The “Other” Digital Divide – Accessibility in the Covid-19 Shutdown

25 May 2020

Search the topic of the digital divide and you will see article after article emphasizing how the COVID 19 pandemic put a spotlight on the millions of people (including students and others) who don’t have Internet access at home or the financial resources needed to obtain it. 

However, the pandemic also put a spotlight on the “other” digital divide, the proliferation of websites, work-related softwares, and consumer applications that exclude people with disabilities from accessing information in the way that non-disabled users can.

This has been an issue since long before the pandemic but it has become even more noticeable with the acceleration in the shift to digital and online “everything” brought about by the pandemic. 

Simply put, digital accessibility is essential. The Covid-19 pandemic, in some ways, has become a forcing function for website owners and software developers to consider how they can do their part to close this digital divide.


What do we mean by digital accessibility?

Visit a website and you may intuitively know how to navigate it; you look for the menu, peruse the different drop-down options and how to get what you want or need from the experience. It isn’t intuitive at all…the modern website is a carefully designed space with user experience at its design core.

For people with disabilities, however, navigation is not always as easy and many digital assets are not designed with accessibility in mind. If you have a website or web-based business that has not taken accessibility to heart, you are effectively blocking access to a large segment of the public. They will be unable to use your apps, access your articles, blogs, images, and any other digital assets so crucial to your success.

It may come as a surprise to many that failing to consider digital accessibility is a potential violation of civil rights laws. The Americans with Disabilities Act (ADA) was initially designed for physical access to commercial entities. Today, it also has a digital component to ensure that people with disabilities have the same access to information, services, and goods through digital portals.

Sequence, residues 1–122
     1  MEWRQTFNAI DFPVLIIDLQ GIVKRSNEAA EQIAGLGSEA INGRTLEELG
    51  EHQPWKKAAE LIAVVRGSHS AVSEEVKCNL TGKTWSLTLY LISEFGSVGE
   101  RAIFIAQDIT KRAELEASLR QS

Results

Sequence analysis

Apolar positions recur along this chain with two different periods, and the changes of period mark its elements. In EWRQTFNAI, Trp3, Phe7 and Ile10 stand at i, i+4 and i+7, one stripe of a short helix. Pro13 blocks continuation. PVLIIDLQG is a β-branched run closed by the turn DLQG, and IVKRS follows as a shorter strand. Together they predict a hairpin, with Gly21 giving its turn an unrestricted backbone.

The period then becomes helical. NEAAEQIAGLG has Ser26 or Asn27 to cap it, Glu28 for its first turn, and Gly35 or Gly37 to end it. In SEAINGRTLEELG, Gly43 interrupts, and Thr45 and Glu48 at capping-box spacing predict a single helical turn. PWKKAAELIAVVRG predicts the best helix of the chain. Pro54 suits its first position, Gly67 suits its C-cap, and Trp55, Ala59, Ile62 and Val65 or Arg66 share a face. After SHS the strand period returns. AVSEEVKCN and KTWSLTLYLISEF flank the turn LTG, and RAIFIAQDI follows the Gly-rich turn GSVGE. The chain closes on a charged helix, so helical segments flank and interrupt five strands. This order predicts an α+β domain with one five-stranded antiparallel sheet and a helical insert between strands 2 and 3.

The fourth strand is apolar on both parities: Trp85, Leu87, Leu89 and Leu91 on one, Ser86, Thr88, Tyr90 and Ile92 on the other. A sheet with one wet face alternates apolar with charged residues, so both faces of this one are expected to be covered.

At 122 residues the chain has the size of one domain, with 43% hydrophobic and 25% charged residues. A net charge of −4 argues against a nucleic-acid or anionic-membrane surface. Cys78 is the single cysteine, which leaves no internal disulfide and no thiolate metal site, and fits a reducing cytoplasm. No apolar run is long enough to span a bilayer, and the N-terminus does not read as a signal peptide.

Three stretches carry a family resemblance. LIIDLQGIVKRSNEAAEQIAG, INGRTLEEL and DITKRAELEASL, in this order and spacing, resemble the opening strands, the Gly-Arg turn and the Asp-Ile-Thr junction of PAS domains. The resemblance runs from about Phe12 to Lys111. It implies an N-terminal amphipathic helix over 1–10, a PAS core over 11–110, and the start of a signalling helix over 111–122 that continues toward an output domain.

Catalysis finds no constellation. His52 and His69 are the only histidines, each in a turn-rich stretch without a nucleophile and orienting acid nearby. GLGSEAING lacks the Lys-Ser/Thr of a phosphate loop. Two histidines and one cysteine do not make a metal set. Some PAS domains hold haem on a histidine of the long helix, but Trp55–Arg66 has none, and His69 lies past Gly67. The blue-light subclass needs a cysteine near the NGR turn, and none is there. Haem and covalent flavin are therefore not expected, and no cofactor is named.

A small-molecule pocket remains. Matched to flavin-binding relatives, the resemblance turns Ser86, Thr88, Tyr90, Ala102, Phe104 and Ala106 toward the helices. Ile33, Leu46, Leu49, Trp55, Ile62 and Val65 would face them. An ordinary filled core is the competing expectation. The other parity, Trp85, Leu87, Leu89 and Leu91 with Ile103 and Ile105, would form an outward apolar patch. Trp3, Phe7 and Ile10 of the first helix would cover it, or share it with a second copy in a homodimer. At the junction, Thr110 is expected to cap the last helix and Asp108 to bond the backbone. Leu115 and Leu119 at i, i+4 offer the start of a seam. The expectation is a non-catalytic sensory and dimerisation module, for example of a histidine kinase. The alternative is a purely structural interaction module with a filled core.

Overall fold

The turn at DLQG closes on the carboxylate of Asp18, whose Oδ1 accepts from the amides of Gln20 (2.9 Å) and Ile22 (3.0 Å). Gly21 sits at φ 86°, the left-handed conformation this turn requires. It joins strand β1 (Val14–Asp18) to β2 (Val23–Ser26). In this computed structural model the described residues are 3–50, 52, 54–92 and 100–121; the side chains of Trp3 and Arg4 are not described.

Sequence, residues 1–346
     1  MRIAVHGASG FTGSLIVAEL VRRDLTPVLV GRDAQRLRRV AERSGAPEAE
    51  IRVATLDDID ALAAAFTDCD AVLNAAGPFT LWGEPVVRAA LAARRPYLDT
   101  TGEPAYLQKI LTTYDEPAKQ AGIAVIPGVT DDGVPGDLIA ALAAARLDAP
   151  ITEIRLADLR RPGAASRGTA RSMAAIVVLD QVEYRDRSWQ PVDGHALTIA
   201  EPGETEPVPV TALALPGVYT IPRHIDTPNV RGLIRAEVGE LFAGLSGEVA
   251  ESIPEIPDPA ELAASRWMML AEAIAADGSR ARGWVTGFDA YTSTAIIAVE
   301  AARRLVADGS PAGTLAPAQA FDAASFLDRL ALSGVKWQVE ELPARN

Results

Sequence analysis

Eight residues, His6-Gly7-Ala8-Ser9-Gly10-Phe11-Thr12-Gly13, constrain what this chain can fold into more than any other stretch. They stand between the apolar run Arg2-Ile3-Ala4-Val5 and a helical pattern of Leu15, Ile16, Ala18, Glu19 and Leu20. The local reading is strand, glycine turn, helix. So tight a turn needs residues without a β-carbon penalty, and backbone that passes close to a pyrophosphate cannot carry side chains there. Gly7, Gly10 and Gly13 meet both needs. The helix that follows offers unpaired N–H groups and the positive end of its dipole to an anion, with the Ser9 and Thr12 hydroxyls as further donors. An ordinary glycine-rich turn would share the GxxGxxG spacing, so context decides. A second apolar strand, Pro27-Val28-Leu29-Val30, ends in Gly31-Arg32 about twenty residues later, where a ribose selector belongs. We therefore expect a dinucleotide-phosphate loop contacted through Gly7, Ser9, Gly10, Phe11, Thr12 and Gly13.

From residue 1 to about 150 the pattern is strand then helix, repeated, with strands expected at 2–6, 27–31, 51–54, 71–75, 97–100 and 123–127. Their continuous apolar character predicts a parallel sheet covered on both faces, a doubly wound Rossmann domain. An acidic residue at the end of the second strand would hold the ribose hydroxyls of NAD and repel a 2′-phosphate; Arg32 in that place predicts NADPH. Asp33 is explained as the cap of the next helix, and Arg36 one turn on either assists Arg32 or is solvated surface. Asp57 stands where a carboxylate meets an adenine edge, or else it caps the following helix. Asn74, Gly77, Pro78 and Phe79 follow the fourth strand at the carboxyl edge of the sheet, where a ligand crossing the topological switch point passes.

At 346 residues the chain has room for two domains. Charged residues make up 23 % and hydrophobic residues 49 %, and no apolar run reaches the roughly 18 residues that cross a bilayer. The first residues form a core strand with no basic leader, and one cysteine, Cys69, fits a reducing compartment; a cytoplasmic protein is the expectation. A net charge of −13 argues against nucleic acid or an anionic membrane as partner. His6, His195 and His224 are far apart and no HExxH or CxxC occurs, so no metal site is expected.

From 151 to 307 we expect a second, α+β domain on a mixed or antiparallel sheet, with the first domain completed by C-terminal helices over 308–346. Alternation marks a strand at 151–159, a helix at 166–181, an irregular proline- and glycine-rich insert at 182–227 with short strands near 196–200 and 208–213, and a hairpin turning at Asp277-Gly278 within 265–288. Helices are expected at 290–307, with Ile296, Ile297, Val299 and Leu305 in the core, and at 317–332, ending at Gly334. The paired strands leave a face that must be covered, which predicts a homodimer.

Beyond goods and services

As journalist Sarah Katz explained in her May 2020 article: “Few organizations are using real-time automatic captioning for their livestreamed events, though the feature is available for free on platforms like Facebook and YouTube. While auto captions are less accurate than human transcribers, the technology has improved over the years. In choosing not to use it, event organizers are shutting out more than 48 million deaf and hard-of-hearing Americans.”

Socializing, schooling, working, and communication, even medical care are all becoming web-based and digitally focused. One in four adults in the U.S. has a disability, and that represents a substantial need for businesses to facilitate accessibility that goes well beyond entertainment, shopping, and so on.

As that same article noted, “86 percent of state government unemployment websites fail at least one basic test for mobile page load speed, mobile friendliness, or accessibility… showing a consistent disregard for the needs of disabled people even before the pandemic.”

The emphasis on identifying essential services made it clear that banks, healthcare, food suppliers, and an array of other resources were going to be given special dispensation to maintain operations in some form. The non-essentials were still quite necessary, and at all points, the disabled struggled with accessibility.

One organization performed testing on the Instacart website, for instance, and found that (although the company’s mission stated that it serves all customers) the site had errors and malfunctions that made it nearly impossible for someone with a disability to do their shopping. The same was discovered of online banking and a wide range of healthcare providers. In fact, United Healthcare conducted a survey and found more than 80 percent of all consumers were anticipating using online medical support, and yet most of the digital assets had yet to redesign for full accessibility.

This meant that patients would find themselves effectively blocked from websites, patient portals, and most apps, from diagnostics and care to booking appointments.

Accessibility in mainstream education has become an urgent priority, too with the pandemic closing schools spring semester and moving online. In the U.S. alone there are nearly 14,000 public school districts serving an estimated 7.5 million students with special needs. Their needs for accessibility remain at risk in the massive rush to convert to online classes and distance learning across the board.

Be proactive about accessibility

It makes good fiscal sense to ensure your site is accessible. Sites that are designed with accessibility in mind perform better in organic search results than their non-accessible cohorts. Being compliant with regulations around accessibility demonstrates a desire to be inclusive of the entire digital audience, which gives your website a level of credibility and reliability that others don’t match.

Facilitating accessibility on the web is fast and simple. With a subscription to the TruAbilities ADA widget, you access a comprehensive set of tools for website accessibility. Whether your audience is smaller than 100 people or you have visitors by the thousands, you can use TruAbilities compliance solutions to create accessibility for all. Doing so helps everyone to close the gap on the other digital divide.